It can be used for pretty much anyone, but if you want to be a little more formal, you can say Wir haben uns lange nicht mehr gesehen (“We haven’t seen each other in a long time”). It’s definitely wordier, but that’s to be expected anytime you want to sound more gracious.
Bounces right out your mouth when you say it, doesn’t it? Moin is a casual way to say hello in northern Germany. It’s actually rather flexible in usage, as it can also be used as a farewell.
But what exactly does this strange little word mean? Though not entirely certain, it’s speculated that it originated from the Dutch or Low German word moi, which basically translates to “good.”
You could also double-up and say Moin Moin to make your greeting more enthusiastic and cutesy.
Only two letters long, but chock-full of meaning. Na is one of those German words that you’ll hear all the time and make you think “Huh, what’s this word all about?”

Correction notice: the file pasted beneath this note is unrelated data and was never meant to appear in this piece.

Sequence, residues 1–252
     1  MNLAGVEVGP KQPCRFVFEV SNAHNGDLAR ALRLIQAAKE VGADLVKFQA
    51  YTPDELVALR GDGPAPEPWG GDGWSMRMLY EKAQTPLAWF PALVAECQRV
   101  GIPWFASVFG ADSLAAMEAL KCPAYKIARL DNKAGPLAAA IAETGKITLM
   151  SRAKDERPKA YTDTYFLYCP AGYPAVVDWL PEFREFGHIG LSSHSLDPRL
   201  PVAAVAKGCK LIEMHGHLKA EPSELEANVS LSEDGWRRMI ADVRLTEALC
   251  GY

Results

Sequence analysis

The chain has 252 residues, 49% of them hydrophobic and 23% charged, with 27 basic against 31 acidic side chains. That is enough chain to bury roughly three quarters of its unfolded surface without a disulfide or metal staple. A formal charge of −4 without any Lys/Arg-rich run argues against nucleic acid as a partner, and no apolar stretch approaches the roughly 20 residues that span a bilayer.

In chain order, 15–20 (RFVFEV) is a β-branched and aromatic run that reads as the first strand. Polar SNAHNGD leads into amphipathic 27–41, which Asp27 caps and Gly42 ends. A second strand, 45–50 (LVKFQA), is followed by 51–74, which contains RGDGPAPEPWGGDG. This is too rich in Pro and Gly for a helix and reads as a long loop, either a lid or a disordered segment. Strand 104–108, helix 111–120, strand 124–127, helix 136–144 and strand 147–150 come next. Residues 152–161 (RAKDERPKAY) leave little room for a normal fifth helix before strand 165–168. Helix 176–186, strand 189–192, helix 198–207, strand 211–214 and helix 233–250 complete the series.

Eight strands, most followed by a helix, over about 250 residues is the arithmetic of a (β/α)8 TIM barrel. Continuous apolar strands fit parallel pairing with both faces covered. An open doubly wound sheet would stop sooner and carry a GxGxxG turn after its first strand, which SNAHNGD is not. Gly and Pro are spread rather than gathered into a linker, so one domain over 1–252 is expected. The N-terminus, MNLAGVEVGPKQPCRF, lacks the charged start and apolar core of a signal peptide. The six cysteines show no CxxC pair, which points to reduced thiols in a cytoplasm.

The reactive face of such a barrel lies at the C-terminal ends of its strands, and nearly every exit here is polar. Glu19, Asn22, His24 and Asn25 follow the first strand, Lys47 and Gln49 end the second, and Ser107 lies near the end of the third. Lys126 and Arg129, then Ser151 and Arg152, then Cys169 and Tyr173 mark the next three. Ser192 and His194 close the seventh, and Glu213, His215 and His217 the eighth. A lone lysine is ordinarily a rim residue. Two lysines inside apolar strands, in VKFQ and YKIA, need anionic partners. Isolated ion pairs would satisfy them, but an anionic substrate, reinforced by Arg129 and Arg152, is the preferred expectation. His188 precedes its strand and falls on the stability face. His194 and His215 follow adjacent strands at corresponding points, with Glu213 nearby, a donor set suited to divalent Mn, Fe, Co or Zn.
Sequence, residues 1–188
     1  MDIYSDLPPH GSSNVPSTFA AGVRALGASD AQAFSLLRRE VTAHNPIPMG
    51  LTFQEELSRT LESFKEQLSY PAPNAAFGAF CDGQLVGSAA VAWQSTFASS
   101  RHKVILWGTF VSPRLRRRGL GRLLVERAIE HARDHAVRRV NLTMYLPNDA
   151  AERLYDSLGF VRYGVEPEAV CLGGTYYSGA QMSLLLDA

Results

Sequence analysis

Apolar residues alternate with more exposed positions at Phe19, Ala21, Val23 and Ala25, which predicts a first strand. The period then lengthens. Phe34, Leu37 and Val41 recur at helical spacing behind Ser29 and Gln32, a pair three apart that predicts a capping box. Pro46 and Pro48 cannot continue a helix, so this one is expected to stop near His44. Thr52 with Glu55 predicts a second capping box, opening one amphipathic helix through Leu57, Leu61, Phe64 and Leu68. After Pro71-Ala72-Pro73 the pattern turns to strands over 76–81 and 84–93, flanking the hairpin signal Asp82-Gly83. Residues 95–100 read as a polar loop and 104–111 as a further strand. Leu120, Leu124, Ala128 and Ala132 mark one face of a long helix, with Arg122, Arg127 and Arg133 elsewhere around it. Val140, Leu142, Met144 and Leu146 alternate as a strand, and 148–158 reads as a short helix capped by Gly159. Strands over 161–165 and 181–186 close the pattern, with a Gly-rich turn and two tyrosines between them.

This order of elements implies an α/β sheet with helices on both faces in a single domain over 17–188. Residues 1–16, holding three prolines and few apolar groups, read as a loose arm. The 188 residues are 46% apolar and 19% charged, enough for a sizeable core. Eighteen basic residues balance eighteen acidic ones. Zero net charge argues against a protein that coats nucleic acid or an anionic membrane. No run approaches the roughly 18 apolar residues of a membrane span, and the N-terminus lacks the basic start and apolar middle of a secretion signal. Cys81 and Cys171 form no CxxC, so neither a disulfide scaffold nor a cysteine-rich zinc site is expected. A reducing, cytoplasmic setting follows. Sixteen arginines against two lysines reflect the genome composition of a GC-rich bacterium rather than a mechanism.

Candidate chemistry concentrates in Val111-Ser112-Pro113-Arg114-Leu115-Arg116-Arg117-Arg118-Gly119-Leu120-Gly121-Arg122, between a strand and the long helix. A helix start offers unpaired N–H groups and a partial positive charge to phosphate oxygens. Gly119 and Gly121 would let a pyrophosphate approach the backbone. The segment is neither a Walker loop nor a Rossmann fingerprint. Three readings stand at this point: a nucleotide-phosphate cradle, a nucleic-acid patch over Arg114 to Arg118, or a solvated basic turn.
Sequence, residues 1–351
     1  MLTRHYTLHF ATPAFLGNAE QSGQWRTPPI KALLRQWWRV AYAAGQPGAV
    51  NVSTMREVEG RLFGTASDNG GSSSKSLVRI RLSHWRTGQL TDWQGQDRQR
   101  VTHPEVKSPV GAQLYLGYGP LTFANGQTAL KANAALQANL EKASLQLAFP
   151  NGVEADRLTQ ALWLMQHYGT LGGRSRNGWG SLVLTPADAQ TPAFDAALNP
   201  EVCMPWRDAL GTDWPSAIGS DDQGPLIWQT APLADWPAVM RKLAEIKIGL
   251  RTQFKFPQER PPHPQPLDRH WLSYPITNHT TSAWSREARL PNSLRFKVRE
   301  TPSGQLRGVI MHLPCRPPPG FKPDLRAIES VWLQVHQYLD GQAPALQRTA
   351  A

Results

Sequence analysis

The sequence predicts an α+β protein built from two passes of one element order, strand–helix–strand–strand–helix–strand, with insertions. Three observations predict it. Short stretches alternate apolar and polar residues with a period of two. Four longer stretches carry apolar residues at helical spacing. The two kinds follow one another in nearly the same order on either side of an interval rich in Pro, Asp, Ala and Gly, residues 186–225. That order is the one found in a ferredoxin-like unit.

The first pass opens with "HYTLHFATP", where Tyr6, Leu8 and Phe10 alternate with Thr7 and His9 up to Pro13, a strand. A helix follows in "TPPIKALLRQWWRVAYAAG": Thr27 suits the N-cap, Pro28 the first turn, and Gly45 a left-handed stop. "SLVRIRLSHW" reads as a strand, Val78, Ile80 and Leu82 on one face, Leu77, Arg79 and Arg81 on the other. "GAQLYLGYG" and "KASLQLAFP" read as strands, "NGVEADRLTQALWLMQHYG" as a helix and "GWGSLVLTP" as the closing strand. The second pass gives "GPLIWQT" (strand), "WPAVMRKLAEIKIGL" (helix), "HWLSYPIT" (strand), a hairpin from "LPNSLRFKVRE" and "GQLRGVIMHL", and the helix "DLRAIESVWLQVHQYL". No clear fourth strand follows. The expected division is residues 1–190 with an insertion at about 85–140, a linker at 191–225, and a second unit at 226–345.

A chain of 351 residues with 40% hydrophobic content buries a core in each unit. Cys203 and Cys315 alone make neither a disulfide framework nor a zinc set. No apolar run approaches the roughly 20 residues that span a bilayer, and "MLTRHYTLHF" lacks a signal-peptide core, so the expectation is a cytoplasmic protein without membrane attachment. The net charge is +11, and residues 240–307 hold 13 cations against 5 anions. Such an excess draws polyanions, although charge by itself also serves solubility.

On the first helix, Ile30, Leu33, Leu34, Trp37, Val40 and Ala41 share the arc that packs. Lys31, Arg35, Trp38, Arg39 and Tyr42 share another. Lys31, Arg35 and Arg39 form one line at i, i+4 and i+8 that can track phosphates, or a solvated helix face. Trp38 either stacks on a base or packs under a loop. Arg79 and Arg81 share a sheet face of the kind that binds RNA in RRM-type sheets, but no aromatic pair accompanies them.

Na can mean a friendly “Hey”. Said inquiringly as Na? you’re essentially asking “Well?” or “How are you?” It can also just work as an interjection Na! which just means “Oh!” or “Well then!” It’s also paired with other words: for example, Na gut (“Very well”) and Na klar (“Of course”).
So yes, you can find more than one use for this humble little word, but I recommend you reserve it for informal situations. As a greeting, you can say a simple Na! or be a little more inquisitive and ask Na, wie geht’s? (“Hey, how are you?”) or Na, wie läuft’s? (“Hey, how’s it going?”). And, conveniently enough, you can respond to these inquiries with, you guessed it: Na!